Abstract 11400: Treatment With β-blockers Is Associated With Shortening of the Qtc Interval
Introduction Oral beta-adrenergic blockade is the primary treatment for Long QT Syndrome (LQTS). β-blockers have been shown to have several effects on the surface ECG, but it remainsunclear if β-blocker treatment shortens the QTc interval. We hypothesize that β-blocker therapy is associated with a shorter QTc interval on the surface ECG.
Methods This was a retrospective review study, with LQTS subjects and an unmatched control population of patients treated with β-blockers for reasons unrelated to abnormalities of repolarization (Marfan syndrome, hyperthyroidism, SVT, and hemangioma). Inclusion criteria were age 0 days through 18 years with presence of a pre-treatment and post-treatment ECG. A blinded control panel of pediatric electrophysiologists measured QTc intervals. A paired student's t test was used for comparison of QTc intervals in subjects; an unpaired student's t test was used to compare differences across groups. Fisher's exact tests were used for discrete variables. Regression analysis was used for dose-response curves.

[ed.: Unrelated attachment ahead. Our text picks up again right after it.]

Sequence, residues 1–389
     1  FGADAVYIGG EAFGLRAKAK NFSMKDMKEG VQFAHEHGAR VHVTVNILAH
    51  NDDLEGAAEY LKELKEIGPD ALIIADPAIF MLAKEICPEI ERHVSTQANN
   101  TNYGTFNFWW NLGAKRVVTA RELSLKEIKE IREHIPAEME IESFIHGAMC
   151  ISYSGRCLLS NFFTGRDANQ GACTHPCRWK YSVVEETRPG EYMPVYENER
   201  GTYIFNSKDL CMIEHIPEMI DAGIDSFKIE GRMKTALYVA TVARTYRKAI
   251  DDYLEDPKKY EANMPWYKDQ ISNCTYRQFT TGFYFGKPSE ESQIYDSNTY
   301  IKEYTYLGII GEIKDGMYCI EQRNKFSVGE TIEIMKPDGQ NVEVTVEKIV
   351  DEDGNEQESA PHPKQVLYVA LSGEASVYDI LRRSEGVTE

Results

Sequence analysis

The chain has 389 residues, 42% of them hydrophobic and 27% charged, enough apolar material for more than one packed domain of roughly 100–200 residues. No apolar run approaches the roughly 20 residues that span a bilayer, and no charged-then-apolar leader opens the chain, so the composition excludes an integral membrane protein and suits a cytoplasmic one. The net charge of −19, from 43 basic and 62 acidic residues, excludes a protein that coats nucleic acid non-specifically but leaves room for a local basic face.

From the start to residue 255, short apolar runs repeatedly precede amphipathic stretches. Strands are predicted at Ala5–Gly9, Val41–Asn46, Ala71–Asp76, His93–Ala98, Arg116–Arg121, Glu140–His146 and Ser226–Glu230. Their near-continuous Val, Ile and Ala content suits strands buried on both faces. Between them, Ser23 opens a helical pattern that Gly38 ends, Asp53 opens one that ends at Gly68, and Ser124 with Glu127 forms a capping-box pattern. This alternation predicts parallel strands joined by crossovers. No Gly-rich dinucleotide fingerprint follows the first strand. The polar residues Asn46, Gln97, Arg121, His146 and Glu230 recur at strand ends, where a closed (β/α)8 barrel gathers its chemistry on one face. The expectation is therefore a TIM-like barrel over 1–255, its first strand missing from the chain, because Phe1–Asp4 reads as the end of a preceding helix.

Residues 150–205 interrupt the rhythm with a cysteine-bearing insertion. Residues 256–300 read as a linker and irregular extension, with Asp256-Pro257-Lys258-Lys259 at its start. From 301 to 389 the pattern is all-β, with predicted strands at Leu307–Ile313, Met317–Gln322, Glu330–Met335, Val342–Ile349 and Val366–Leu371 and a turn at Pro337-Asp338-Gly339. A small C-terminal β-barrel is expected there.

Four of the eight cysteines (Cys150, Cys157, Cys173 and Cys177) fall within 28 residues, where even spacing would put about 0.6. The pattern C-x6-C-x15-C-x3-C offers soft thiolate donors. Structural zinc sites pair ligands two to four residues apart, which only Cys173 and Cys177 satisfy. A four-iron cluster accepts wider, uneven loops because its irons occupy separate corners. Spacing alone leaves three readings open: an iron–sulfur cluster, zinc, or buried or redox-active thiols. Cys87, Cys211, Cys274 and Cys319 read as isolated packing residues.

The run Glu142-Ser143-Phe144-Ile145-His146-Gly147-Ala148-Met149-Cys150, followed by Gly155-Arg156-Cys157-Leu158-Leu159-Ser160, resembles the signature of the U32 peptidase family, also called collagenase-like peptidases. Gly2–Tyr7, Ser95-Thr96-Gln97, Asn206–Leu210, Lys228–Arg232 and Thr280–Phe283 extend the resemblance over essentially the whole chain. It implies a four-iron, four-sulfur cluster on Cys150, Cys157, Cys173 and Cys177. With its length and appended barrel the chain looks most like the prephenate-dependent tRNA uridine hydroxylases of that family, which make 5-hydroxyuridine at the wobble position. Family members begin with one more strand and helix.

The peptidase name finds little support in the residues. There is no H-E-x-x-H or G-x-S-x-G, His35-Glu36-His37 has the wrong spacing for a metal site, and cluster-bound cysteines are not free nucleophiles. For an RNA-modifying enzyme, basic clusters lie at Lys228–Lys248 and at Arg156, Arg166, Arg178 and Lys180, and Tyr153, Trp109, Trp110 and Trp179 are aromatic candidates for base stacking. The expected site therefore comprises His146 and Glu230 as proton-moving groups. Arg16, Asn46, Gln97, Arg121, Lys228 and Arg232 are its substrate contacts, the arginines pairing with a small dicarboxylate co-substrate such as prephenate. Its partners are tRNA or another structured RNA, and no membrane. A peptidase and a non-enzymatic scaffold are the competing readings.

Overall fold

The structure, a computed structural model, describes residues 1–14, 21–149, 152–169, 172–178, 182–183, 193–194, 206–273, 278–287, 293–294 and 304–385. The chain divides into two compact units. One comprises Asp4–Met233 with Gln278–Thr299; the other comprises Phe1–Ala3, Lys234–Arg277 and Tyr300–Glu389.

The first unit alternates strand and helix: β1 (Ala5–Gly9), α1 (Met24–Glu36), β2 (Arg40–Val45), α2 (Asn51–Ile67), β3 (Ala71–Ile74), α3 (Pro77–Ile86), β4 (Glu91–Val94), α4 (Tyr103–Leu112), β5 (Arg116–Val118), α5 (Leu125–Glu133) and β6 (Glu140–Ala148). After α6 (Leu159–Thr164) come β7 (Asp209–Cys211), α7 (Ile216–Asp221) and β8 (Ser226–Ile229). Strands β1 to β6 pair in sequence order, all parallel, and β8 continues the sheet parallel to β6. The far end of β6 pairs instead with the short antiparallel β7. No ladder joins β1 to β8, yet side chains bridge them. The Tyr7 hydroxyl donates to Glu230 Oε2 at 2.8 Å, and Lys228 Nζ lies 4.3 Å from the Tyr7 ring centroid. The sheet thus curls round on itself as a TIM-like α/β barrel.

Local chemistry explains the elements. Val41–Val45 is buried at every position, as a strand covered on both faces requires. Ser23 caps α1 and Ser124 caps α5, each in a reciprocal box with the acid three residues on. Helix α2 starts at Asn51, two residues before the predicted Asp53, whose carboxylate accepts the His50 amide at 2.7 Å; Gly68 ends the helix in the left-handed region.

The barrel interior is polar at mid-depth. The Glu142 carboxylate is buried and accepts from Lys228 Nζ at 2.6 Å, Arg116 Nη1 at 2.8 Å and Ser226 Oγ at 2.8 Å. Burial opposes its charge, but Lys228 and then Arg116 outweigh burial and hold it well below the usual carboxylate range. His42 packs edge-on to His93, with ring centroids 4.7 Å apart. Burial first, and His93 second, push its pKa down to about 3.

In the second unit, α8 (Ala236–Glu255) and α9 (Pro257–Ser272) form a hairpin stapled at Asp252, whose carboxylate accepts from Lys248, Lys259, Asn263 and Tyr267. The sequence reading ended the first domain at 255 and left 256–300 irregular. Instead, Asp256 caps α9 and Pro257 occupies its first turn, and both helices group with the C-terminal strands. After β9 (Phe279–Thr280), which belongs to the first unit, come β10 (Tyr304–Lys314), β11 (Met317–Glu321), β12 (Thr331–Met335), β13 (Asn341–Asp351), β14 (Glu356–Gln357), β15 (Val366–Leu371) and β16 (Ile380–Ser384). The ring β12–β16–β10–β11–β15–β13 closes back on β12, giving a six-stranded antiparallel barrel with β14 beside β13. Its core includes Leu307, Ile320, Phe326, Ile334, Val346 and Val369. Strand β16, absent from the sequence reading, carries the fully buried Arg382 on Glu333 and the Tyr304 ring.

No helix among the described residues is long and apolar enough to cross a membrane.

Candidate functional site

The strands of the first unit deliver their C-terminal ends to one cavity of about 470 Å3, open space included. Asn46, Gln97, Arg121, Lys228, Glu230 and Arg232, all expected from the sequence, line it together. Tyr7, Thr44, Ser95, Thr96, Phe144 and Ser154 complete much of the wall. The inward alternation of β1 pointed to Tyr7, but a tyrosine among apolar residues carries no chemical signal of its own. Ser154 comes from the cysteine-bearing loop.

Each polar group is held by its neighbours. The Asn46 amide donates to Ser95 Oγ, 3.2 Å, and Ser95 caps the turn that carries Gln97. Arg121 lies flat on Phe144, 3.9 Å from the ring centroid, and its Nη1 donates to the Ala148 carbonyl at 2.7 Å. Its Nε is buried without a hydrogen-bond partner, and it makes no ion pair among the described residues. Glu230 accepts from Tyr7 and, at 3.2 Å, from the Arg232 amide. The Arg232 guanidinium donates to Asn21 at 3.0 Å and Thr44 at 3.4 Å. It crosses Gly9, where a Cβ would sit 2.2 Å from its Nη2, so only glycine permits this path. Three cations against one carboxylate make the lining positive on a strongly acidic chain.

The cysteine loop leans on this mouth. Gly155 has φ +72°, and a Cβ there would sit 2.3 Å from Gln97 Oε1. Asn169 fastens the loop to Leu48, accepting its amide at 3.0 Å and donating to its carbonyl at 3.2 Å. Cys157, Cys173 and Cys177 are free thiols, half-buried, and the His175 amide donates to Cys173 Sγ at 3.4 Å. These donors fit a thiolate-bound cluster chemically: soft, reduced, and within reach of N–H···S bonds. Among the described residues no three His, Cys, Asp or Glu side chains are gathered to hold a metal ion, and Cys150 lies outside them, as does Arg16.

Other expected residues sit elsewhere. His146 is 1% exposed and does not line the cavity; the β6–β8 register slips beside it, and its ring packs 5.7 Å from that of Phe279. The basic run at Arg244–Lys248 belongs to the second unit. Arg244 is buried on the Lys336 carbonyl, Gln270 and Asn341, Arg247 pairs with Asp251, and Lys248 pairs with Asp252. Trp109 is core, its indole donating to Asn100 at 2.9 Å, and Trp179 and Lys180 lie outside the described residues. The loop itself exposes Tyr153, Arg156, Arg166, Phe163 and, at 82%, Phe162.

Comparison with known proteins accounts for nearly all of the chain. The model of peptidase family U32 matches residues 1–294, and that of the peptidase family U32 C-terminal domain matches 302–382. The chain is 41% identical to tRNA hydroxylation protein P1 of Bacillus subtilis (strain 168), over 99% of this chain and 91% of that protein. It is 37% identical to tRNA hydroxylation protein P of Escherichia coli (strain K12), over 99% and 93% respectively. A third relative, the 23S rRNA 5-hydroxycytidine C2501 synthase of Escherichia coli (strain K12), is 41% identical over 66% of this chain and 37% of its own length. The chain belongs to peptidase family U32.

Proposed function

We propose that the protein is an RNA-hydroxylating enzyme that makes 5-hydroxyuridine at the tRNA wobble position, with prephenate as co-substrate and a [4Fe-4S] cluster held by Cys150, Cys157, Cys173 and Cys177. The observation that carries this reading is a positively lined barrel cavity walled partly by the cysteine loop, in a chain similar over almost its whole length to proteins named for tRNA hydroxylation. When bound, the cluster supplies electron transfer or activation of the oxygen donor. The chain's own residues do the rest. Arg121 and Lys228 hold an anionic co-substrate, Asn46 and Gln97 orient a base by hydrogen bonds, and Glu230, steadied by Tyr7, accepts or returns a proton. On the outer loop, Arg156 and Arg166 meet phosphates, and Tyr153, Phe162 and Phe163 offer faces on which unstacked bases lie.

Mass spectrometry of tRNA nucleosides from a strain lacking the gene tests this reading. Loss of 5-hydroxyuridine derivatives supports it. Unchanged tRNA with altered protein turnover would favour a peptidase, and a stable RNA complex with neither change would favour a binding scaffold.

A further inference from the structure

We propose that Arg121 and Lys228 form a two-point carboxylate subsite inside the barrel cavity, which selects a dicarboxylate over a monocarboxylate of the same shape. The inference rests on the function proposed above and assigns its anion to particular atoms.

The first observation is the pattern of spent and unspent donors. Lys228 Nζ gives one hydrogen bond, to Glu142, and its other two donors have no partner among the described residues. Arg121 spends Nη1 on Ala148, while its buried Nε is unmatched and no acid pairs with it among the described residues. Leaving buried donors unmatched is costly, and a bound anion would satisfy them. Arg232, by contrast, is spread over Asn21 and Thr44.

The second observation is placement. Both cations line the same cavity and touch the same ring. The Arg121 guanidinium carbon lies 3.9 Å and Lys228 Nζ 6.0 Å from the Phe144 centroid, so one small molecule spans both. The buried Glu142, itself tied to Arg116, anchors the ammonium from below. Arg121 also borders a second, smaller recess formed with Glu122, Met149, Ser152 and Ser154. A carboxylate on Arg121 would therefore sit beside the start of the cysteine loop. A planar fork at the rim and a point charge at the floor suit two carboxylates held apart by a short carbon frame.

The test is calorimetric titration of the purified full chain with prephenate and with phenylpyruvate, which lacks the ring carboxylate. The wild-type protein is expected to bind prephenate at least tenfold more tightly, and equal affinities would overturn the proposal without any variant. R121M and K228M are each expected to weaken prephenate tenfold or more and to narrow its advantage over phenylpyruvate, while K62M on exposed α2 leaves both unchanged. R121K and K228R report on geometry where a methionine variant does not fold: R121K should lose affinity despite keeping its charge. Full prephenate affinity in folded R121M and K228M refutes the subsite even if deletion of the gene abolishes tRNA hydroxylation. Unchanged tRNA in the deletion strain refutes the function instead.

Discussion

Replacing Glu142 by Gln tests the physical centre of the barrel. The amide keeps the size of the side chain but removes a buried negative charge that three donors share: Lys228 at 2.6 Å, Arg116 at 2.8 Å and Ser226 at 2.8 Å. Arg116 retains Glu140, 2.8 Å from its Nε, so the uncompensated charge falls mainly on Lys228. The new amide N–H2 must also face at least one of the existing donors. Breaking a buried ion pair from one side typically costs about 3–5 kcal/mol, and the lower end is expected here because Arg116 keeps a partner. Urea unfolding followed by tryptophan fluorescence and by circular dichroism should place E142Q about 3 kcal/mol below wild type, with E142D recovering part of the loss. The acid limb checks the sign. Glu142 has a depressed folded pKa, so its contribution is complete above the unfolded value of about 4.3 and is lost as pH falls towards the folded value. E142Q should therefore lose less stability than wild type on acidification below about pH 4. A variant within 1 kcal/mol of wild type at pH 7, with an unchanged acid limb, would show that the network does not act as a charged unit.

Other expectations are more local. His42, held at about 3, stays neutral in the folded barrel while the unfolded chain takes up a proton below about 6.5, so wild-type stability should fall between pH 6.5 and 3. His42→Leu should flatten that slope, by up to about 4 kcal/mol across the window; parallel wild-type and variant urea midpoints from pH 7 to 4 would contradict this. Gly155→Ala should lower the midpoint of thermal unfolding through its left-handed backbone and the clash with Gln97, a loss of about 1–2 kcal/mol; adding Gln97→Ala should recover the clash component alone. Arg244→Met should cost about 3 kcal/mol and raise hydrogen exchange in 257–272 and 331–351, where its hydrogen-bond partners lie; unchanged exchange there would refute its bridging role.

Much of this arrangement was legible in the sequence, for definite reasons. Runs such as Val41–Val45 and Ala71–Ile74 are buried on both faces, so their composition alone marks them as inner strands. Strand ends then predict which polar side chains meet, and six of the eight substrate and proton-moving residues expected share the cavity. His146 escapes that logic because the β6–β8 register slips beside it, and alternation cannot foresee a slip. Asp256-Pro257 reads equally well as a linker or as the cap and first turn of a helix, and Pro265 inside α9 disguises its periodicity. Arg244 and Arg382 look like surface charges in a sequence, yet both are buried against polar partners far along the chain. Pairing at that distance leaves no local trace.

Results We included 88 pts with LQTS and 72 control pts. Among those with LQTS, the mean QTc interval decreased by 22 ms after initiation of β-blockers (466 vs. 444 ms; p<0.01). After treatment, LQT1 pts (n=32) demonstrated a significant decrease in the mean QTc interval (480 vs. 455; p<0.01). Those with LQT2 (n=15) and LQT3 (n=2) did not demonstrate a significant decrease. A genetic diagnosis was not available in 39 pts. Among the control pts, mean post β-blocker QTc also decreased (418 vs. 409; p<0.01), however the difference was significantly smaller than in pts with LQTS (p<0.01). There was no association between β-blocker dose and change in QTc interval.
Conclusions Patients with LQTS had a marked decrease in QTc interval after initiation of β-blocker, unrelated to choice of β-blocker, and without a dose-dependent response. Patients without LQTS also demonstrated a decrease in the QTc interval, but to a lesser extent. Interpretation of the surface ECG in patients taking β-blockers must consider the possible effects of β-blockers on the QTc.
- © 2012 by American Heart Association, Inc.